With the American Dream alive and well, Boomers had no reason to teach their children, mostly Millennials, about competition. Instead, they taught them to focus on academic achievement and to be team players because if everyone works hard, everyone can win.

Enter Generation X (1965-1981). In contrast Boomers, Xers came of age during a time when change and economic and political uncertainty began to take root. They have lived through four recessions, struggled with debt and economic decline most of their lives, and watched the best educated and accomplished generation of all time (Millennials) graduate during the Great Recession and become the most debt-ridden generation in history.

Gen Xers can be defined by their independence and anti-status quo approach to life, and they have taught their Gen Z children to be competitive, believing only the best can win. They have encouraged their children to be realists, finding something they are good at and aggressively pursuing it.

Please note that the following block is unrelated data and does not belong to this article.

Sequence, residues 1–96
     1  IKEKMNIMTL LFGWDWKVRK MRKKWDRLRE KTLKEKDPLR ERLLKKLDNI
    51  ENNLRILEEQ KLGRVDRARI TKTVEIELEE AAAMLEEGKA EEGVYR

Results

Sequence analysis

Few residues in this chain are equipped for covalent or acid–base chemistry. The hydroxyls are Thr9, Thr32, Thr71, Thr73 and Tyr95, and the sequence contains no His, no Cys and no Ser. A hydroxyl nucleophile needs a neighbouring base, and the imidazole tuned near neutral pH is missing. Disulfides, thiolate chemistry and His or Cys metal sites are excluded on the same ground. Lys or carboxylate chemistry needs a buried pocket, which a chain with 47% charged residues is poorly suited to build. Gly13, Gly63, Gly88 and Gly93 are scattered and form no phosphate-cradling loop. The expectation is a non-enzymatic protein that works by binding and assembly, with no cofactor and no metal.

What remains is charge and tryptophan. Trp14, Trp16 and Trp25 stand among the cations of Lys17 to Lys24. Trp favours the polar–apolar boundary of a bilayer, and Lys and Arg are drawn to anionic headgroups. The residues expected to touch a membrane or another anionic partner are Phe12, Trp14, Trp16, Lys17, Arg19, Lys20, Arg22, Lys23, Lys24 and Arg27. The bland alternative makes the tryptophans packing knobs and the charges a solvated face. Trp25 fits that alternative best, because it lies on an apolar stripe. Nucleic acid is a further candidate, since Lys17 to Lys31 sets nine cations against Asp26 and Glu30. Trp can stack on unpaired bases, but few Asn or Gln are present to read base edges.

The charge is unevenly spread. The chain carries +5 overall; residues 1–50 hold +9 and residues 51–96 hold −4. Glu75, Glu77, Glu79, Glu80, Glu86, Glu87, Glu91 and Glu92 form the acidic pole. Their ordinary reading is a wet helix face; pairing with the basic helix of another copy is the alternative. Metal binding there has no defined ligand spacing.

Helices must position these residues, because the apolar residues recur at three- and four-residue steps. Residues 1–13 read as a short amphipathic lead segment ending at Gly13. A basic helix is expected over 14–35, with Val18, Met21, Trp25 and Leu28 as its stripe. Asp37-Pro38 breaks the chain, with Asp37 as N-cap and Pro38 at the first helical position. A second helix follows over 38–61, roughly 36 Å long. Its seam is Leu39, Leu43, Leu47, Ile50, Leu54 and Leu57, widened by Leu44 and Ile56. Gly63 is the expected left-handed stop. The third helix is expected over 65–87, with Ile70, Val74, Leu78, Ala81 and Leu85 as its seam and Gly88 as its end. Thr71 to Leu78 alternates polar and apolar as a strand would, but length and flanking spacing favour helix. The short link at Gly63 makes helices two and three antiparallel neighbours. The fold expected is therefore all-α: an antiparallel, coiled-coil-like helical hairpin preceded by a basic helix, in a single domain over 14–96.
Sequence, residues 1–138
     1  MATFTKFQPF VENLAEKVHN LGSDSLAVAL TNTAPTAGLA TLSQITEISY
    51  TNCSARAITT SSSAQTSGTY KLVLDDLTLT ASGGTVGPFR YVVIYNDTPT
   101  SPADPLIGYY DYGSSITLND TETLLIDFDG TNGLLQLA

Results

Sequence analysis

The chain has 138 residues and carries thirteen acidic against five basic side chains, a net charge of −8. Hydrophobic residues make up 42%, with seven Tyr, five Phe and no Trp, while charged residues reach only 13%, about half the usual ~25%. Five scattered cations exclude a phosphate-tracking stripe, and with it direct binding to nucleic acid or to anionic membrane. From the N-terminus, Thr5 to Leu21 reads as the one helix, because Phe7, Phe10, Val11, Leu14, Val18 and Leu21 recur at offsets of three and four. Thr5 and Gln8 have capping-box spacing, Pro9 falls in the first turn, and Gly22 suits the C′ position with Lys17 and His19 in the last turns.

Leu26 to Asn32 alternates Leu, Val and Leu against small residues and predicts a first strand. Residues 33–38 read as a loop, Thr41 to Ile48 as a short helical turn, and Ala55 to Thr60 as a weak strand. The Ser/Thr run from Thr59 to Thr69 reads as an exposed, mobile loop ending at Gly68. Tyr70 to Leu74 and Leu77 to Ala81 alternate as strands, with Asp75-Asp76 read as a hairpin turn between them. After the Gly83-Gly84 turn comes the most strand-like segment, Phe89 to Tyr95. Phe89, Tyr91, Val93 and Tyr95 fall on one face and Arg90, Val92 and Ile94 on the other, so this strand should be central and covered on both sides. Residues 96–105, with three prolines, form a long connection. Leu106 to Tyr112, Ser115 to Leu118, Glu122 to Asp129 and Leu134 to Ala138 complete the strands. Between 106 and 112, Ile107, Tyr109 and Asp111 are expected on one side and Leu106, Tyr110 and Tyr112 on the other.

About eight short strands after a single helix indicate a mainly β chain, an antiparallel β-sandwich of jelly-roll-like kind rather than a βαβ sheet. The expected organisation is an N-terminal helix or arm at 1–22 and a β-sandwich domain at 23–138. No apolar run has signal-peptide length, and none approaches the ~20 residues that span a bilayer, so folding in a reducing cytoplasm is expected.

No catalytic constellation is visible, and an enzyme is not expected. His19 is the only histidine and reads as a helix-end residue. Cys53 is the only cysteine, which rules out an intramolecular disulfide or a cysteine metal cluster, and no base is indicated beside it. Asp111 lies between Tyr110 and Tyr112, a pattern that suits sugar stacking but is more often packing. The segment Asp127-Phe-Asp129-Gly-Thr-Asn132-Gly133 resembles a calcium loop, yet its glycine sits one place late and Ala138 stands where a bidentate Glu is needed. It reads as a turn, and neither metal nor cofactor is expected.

Xers have raised their Zs with an intense focus on competitiveness -- in academics, sports, and other activities. This approach to parenting has many implications, but one stands out in terms of business: Gen Z is likely to lead.

Millennials in the workplace created and aggressively advocated for collaborative work environments. In fact, their aversion to leadership has been so strong, some Millennials sought out companies that boasted boss-free or team-managed workplaces.

In contrast, Zs have been raised with an individualistic, realistic, and competitive nature. They have been taught the skills to successfully defy the norm. This means we’re going to see the pendulum shift away from collaborative workplaces towards a widespread demand for, and pursuit of, leadership development.

Zs are career-focused.

While Millennials have been criticized for their “delayed adulthood”, Gen Z is showing signs of “early adulthood”. Educators and parents often describe this generation as being more serious and contemplative about the world. Zs are thinking about their career paths and exposing themselves to career training at an earlier age than Millennials. It’s probable that some of this early onset of adulthood is caused by parents, who are pressuring their children to be competitive and successful and to avoid the debt that plagued both the Gen Xers and Millennials.